How to invoke safe harbor in home health

  1. Hello fellow nurses! I am hoping someone out there has some experience with home health. I am in my first year as a home health nurse and wondering if anyone else has any advice on how to handle demands that could put a nursing license in jeopardy. At the company I currently work for we are required to take on call 3 times a year. This involves being available 24 hours a day for 7 straight days and doing a full time patient load . If a pt calls with an emergent need we are supposed to go see them. This means that you work 8-5 and answer calls all night for 7 days in a row. I had my turn on call this week and by day six I was irritable and delirious from lack of sleep. I missed one call at 1 am that night because I could not stay awake any longer. I received a reprimand by email the next morning. I think this is horrible for the patient who did not get the call answered. Luckily the patient improved at home and did not require a visit. I feel this puts my license at risk. I have heard that being overly tired is worse than driving drunk. Has anyone else had this problem with home health nursing? Do all companies do on call this way? Can you invoke safe harbor to protect your license in this situation?
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    About bfit262

    Joined: May '16; Posts: 5; Likes: 4


  3. by   kiszi
    That sounds like a disaster. When I worked home health, call was two nights a month, and never back to back. Typically I would have 0 to 1 calls in a night, occasionally more. We had triage nurses take the initial call and then get a hold of the nurse if warranted. A lot of things were handled by the triage nurses, which cut down on unnecessary calls to the on-call staff.

    I am not familiar with safe harbor rules, but if you are constantly working without adequate sleep for a week, the labor board would be very interested.
  4. by   Libby1987
    I don't know about safe harbor laws but our call is set up same way on a more frequent basis. The difference it seems is that we are a smaller agency (100 admissions/month) and visits are only necessary on catheter for retention patients. Calls for advice are minimized by an expectation that the case Mgr has provided adequate instruction and patients are encouraged to call earlier rather than later for questions/concerns.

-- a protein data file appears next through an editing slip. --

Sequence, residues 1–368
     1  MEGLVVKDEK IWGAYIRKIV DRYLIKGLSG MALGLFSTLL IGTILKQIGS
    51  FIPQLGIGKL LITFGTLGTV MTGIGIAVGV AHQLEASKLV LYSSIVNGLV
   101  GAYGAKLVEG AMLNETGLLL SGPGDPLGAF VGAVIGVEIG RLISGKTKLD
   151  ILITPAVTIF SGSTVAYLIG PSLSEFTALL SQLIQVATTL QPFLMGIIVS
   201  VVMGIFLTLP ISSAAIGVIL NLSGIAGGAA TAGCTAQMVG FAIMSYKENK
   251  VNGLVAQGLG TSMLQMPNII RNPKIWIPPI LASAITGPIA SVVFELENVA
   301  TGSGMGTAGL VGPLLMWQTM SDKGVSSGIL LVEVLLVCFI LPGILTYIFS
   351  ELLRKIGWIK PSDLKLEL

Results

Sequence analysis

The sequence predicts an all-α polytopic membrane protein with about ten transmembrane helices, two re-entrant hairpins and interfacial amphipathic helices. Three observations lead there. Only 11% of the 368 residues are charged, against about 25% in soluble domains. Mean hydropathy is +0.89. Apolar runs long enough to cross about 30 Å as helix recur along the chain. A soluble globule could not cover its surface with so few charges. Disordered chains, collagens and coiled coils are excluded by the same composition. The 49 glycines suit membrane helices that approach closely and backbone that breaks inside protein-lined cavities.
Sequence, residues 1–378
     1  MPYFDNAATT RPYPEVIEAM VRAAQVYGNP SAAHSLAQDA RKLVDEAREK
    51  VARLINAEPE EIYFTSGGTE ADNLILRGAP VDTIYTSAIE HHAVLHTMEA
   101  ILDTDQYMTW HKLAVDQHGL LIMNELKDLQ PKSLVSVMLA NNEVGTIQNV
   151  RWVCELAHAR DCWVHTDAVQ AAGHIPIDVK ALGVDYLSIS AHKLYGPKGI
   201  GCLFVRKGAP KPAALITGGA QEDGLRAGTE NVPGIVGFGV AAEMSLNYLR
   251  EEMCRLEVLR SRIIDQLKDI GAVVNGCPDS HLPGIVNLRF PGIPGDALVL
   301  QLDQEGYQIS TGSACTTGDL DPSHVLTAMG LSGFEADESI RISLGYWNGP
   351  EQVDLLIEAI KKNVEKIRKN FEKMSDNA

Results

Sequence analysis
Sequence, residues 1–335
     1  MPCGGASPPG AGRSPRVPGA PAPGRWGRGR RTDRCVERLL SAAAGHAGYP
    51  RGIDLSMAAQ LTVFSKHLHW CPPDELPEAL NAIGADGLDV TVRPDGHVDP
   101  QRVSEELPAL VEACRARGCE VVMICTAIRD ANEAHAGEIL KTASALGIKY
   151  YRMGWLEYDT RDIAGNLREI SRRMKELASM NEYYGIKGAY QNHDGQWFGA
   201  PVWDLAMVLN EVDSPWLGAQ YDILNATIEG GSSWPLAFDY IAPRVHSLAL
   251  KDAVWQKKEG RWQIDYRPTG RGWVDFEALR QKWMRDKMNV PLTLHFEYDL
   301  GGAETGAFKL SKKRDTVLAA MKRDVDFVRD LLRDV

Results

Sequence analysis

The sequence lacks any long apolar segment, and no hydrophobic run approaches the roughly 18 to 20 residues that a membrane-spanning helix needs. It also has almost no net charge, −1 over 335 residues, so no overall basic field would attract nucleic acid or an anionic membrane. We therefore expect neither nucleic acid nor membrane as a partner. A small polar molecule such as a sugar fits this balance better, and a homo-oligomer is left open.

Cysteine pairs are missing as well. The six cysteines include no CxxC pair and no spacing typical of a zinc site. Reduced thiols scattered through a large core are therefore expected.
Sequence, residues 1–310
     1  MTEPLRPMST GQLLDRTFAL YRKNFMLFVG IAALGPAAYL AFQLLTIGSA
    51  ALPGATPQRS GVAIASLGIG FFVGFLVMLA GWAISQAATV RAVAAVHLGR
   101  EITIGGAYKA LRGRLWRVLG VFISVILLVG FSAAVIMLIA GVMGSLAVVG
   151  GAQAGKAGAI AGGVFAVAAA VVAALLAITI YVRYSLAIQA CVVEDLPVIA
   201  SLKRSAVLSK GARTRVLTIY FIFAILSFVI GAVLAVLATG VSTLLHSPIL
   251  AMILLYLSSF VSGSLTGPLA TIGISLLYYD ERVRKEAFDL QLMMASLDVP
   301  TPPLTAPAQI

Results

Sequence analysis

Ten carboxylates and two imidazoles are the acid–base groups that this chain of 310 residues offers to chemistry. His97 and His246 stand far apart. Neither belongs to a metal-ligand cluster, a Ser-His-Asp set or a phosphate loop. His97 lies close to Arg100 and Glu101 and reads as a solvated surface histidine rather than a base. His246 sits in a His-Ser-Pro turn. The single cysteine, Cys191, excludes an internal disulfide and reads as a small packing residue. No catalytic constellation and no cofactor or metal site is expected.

Our nursing staff are not resistant to call as it's considered "easy money" due to the way they are not treated like a dedicated night nurse. Often a call isn't received for the entire week and visits are uncommon.

    Also, I encouraged my patients to call me directly if they did it during waking hours, it takes a minute for me to answer a question on a patient I know than the nurse taking call having to get the whole back story in the middle of the night. They were also very well prepared to trouble shoot issues independently. The results were an occasional evening call and my patients didn't call the on call nurse which reduced her burden.
  5. by   JustBeachyNurse
  6. by   TheCommuter
    Moved to the Home Health Nursing forum...

    Be cognizant that Safe Harbor laws only exist in Texas. Since the majority of the membership does not practice in Texas, they may not know about Safe Harbor.
  7. by   bfit262
    Thank you! I did not realize that
  8. by   caliotter3
    Whenever things are not up to par with a home health agency, it is usually easier just to move on down the road. If there are a limited number of available agencies to work with in your area, consider relocating or trying a different area of nursing. After I got the reprimand that you mention, I would have been gone, if not pushed out the door earlier by the work conditions you describe. No reason to have to put up with that.